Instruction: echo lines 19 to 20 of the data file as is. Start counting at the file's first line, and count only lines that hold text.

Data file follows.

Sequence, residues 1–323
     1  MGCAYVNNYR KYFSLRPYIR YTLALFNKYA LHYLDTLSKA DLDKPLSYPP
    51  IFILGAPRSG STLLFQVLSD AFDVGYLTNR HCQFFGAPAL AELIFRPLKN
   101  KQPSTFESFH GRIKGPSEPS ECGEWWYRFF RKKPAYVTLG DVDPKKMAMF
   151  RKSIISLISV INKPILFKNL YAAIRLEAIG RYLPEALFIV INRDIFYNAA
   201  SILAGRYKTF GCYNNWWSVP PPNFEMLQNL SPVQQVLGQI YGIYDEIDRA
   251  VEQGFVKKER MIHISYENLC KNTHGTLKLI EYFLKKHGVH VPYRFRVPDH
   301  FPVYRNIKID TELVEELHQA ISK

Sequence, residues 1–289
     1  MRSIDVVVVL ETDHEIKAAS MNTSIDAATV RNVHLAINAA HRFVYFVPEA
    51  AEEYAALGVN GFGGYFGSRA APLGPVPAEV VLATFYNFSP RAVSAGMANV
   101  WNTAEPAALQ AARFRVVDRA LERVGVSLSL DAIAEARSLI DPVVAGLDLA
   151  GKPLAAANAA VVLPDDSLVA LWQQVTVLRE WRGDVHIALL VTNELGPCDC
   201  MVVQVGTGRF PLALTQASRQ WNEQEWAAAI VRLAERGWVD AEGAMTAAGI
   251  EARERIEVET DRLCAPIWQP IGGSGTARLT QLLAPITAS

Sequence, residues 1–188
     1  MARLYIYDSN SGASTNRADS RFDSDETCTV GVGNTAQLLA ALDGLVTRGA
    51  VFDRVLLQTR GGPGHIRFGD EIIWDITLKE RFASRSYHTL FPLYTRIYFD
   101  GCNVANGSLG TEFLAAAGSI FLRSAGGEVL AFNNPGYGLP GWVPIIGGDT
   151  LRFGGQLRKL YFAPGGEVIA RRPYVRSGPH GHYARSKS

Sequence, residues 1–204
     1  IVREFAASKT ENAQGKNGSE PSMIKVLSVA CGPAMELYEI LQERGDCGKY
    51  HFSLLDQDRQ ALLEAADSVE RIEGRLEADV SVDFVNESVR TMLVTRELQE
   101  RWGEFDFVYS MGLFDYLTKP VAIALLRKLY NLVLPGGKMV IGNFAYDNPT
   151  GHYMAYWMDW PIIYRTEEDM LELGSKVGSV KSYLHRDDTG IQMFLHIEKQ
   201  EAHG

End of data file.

   101  GCNVANGSLG TEFLAAAGSI FLRSAGGEVL AFNNPGYGLP GWVPIIGGDT
   151  LRFGGQLRKL YFAPGGEVIA RRPYVRSGPH GHYARSKS